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ARS Home » Southeast Area » Little Rock, Arkansas » Arkansas Children's Nutrition Center » Research » Publications at this Location » Publication #164028



Submitted to: Biology of Reproduction
Publication Type: Peer Reviewed Journal
Publication Acceptance Date: 12/29/2003
Publication Date: 1/7/2004
Citation: Kowalski, A.A., Vale-Cruz, D., Simmen, F.A., Simmen, R.C. 2004. Uterine androgen receptors: roles in estrogen-mediated gene expression and dna synthesis. Biology Of Reproduction. 70(1):1349-1357.

Interpretive Summary: Androgens (also known as male hormones) are also present at high levels in the females, especial in the uterus. This study examined the proteins (called androgen receptors) within female cells that bind to androgens. The combination of the androgens and these proteins are responsible for many reactions within these cells. We found that the androgen receptor proteins are produced during early pregnancy in the pig and binding of androgens to their receptor proteins in the uterus can influence the expression of genes that are involved in further growth and differentiation of the uterus needed for a normal pregnancy (i.e., which are important for successful embryo development and implantation). Our center is extremely interested in how diet and dietary factors influence fetal and infant develop and the results found in the pig model may have important implications for successful fetal development.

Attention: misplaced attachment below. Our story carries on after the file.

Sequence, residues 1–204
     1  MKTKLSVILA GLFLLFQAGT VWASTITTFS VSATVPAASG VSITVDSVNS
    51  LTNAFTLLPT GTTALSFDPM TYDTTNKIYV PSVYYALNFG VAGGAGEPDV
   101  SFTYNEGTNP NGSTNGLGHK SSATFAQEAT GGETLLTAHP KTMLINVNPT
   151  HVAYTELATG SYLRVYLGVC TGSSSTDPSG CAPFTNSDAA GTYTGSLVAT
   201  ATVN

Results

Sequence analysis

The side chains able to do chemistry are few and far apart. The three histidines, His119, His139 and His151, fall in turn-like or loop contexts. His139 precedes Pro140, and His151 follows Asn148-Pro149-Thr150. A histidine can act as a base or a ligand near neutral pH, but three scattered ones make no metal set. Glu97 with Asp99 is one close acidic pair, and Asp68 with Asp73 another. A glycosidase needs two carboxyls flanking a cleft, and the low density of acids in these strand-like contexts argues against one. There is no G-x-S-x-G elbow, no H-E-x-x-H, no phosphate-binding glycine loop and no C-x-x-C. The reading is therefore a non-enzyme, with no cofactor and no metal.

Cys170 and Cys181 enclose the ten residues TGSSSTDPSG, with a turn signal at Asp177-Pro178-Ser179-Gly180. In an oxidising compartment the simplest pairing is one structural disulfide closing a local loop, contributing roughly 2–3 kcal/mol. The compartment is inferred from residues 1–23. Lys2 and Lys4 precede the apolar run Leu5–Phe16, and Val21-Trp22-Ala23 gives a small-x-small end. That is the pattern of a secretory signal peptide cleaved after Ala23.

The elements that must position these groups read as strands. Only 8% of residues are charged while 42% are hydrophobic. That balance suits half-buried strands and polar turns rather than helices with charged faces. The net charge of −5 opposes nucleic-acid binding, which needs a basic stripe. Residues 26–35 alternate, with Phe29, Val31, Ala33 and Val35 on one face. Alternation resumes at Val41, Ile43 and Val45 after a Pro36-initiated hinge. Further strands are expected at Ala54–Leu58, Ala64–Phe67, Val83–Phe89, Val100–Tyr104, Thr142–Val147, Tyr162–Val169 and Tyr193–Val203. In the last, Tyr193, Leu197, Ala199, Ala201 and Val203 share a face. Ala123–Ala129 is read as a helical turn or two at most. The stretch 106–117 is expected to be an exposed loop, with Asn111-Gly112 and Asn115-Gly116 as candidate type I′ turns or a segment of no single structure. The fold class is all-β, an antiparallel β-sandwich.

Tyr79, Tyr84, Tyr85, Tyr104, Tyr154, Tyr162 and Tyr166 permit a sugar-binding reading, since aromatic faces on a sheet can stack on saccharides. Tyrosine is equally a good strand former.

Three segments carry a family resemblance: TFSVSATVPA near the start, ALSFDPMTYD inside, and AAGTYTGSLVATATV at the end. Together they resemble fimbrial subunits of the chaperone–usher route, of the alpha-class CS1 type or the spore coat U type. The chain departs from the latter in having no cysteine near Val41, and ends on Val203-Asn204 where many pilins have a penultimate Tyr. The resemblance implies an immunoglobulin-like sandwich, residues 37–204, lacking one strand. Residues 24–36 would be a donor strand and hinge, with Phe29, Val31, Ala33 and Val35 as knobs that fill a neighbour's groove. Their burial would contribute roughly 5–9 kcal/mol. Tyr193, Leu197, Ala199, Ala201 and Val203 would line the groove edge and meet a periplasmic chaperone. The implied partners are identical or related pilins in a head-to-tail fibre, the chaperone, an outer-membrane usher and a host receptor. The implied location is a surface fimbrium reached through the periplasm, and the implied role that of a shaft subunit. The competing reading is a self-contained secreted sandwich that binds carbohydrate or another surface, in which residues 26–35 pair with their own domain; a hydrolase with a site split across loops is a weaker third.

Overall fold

Technical Abstract: The localization of androgen receptors (AR) and their ligands in the uterine microenvironment at early pregnancy suggest a role for AR in uterine physiology. We have evaluated AR expression in the pig uterine endometrium and examined whether AR ligands modulate peri-implantation uterine gene expression. Northern blot analysis demonstrated the ~10.5 Kb AR transcript in endometrium. Endometrial levels of AR mRNA and protein were greater at early- than at mid- or late-pregnancy. Estrogen receptor-' mRNA levels showed similar maximal expression at early pregnancy. Immunocytochemical analysis of endometrium at early pregnancy localized AR to nuclei of glandular epithelial (GE) and stromal (ST) cells. To evaluate a role for AR in uterine gene regulation, the levels of mRNAs for insulin-like growth factor-I (IGF-I), proliferative cell nuclear antigen (PCNA), and AR itself, were assessed in uterine endometrial explant cultures treated with 17ß-estradiol (E), testosterone (T), and 19-nortestosterone (N). Induction by E of AR mRNA abundance occurred in endometrium from day 10, but not from day 12 pregnant animals and this was partially blocked by co-addition of N or T, although neither androgen alone had any effect. Abundance of IGF-I and PCNA mRNAs was increased by E and inhibited by co-addition of either T or N in day 10 pregnant pig endometrium. In endometrium from day 12 pregnant animals, addition of either N or T with E increased IGF-I mRNA levels over that of controls, although E alone was without effect. In contrast, PCNA mRNA abundance was suppressed by all steroid treatments in these explants. DNA synthesis in primary cultures of GE cells from endometrium at days 10 and 12 of pregnancy was increased by E and was suppressed by T, the latter only at day 12. E did not affect DNA synthesis in ST cells from endometrium at either pregnancy day, although T inhibited this process in an E-dependent manner in ST cells from pregnancy day 12. Results identify AR in the pig endometrium during the window of maternal receptivity for implantation, and demonstrate the functional, albeit complex, interactions of androgens and estrogens in the regulation of uterine endometrial gene expression and cell growth in vitro. Further elucidation of the role of androgens and their receptor in early pregnancy events may be relevant to an understanding of peri-implantation embryo loss.